The Daily Pilot, in Fountain Valley, California, reports that a judge has allowed the sale of a church property to move forward after parishioners of St. James the Great in Newport Beach filed a lawsuit to at least temporarily halt the sale. A developer purchased the property for $15 million, a deal made by Bishop J. Jon Bruno and announced to the congregation in May.
Legacy Partners Residential is the buyer and plans to replace the 1940s-era church with high-end townhomes. The congregation says the sale was news to them, and besides that, according to an earlier story:
…is in violation of the original deed. The property is to be used exclusively for church purposes and “no building other than a church and appurtenances may be erected, placed or maintained thereon,” according to the legal complaint.
Ownership rights to the property transferred from the Griffith Co. to the Episcopal Diocese of Los Angeles in 1945. The Griffith Co. developed much of Lido Isle, beginning in the 1920s.
According to the Daily Pilot:
Judge David McEachen decided that parishioners of the Newport Beach church did not have the legal right to file a claim seeking to stop the sale since their group is not listed on the deed.
“It’s very disappointing,” parishioner Joel Bernard said. “We will continue to make the City Council aware of the concerns surrounding the transaction and appeal to the Episcopal Church.”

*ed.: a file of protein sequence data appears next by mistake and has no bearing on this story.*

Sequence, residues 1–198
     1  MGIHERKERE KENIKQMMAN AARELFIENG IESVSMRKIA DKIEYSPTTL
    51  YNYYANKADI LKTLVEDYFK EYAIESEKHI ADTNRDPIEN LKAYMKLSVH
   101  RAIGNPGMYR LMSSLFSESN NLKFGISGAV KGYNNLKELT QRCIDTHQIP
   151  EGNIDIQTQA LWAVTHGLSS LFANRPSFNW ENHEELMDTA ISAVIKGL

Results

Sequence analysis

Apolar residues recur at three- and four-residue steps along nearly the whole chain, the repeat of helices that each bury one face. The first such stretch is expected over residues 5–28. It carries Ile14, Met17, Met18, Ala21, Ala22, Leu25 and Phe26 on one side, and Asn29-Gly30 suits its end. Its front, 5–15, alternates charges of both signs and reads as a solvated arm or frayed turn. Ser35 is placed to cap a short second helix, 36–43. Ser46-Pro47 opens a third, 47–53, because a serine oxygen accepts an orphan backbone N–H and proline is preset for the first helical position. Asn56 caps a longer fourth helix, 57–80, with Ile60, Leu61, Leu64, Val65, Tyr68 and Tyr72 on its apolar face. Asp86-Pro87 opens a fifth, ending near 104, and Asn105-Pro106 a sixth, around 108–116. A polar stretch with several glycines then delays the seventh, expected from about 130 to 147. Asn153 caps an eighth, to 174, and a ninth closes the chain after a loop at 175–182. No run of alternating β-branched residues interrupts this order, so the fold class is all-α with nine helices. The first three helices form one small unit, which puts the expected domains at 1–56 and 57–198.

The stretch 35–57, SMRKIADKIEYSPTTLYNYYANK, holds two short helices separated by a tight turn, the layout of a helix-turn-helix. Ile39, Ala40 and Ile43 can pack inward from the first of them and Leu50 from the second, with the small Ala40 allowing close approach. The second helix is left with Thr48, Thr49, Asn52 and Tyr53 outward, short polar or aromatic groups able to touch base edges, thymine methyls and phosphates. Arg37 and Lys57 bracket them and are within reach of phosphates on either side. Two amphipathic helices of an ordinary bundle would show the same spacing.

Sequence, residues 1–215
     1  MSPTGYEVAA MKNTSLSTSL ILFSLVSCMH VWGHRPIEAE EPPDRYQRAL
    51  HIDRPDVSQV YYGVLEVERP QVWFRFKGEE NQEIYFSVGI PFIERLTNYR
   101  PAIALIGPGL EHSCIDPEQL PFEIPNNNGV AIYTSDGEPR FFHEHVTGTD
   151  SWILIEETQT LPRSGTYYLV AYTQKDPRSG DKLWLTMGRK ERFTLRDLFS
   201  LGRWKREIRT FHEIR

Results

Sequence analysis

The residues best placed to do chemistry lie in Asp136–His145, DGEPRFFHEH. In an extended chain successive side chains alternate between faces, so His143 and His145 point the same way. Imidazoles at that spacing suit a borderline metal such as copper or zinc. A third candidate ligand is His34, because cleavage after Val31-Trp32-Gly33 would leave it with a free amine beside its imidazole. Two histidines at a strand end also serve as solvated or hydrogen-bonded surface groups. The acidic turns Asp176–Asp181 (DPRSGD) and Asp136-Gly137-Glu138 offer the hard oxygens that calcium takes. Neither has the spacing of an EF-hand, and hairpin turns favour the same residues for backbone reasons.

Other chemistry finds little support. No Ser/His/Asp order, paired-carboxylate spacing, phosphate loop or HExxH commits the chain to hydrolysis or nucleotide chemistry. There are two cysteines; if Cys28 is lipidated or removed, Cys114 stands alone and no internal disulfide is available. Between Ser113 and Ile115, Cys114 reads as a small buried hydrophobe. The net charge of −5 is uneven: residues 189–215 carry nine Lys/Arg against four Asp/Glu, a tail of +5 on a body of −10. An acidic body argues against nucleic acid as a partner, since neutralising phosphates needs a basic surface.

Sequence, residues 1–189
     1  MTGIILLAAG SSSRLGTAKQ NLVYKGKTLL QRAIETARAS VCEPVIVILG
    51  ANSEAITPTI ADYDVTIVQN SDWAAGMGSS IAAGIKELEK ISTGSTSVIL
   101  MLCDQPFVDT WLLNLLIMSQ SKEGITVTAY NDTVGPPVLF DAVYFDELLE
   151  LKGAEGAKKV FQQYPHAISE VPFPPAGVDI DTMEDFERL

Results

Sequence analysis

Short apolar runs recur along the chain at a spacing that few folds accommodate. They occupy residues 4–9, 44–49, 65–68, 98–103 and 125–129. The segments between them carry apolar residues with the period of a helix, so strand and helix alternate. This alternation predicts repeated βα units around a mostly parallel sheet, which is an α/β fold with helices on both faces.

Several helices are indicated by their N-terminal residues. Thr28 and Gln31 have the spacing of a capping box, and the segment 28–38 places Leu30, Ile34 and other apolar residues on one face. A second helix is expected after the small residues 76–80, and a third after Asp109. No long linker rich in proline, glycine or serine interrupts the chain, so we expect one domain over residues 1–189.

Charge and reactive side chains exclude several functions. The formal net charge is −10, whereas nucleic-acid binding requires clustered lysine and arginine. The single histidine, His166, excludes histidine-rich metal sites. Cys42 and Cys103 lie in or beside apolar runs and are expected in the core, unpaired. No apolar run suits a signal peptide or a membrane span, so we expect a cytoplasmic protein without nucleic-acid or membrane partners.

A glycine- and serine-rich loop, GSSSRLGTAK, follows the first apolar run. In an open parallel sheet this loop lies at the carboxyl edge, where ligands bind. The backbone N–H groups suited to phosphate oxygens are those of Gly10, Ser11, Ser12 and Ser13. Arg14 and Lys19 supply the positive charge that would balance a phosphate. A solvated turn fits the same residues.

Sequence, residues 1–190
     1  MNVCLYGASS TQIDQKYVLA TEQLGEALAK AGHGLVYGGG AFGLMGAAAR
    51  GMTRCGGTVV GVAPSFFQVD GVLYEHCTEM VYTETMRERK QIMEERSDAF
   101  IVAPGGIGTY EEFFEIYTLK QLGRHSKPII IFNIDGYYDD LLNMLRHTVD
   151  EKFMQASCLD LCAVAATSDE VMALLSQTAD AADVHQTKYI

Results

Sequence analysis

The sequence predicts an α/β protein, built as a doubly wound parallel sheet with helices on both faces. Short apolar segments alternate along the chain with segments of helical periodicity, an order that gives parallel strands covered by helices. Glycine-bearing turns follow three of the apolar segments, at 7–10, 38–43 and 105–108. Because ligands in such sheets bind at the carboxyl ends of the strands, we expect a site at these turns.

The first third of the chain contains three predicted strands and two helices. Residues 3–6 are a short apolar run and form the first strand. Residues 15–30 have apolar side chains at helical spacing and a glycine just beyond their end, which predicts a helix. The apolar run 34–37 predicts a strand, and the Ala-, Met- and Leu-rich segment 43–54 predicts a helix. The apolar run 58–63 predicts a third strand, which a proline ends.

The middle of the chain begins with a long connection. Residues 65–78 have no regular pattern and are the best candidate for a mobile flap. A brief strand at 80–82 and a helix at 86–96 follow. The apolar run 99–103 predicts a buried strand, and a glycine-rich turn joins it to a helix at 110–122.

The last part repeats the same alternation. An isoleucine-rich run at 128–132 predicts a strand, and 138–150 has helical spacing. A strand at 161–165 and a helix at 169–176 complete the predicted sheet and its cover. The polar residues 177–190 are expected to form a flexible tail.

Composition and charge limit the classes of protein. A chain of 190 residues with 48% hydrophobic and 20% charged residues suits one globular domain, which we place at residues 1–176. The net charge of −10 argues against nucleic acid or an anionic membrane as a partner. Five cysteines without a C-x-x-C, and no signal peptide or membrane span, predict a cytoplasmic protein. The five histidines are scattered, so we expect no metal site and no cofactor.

The diocese claims that the parish cannot prohibit the diocese from selling the property or the land being used for purposes other than a church:
Ownership rights to the property were transferred from the Griffith Co. to the Episcopal Diocese of Los Angeles in 1945. The Griffith Co. developed much of Lido Isle, beginning in the 1920s.
Lawyers for the diocese wrote to the court that the church in 1985 negotiated removal of the use restriction from the deed, granting the diocese the right to sell the property for other purposes.
Even with approval of the sale, rezoning is required and it could be two years before anything new is built on the site. The congregation, however, has very little time to move, according to the June 24 story:
If the court rules in favor of the diocese, Sunday would be the final service at St. James. The diocese plans to remove the pews, all stained glass windows and the cremated human remains stored in the church immediately following the service.
The parish’s history includes another property-related battle, resolved in 2013:
A group of parishioners split from the Episcopal Church in 2004 after disagreements surrounding the ordaining of a gay bishop and other issues that led St. James to affiliate with the Anglican Church.
The move launched a years-long fight over the Newport Beach property between the Anglican parish and the Episcopal diocese. The church was an Anglican parish from 2004 to 2013, when an Orange County Superior Court judge granted the property ownership rights to the Episcopal Diocese of Los Angeles.
Posted by Cara Ellen Modisett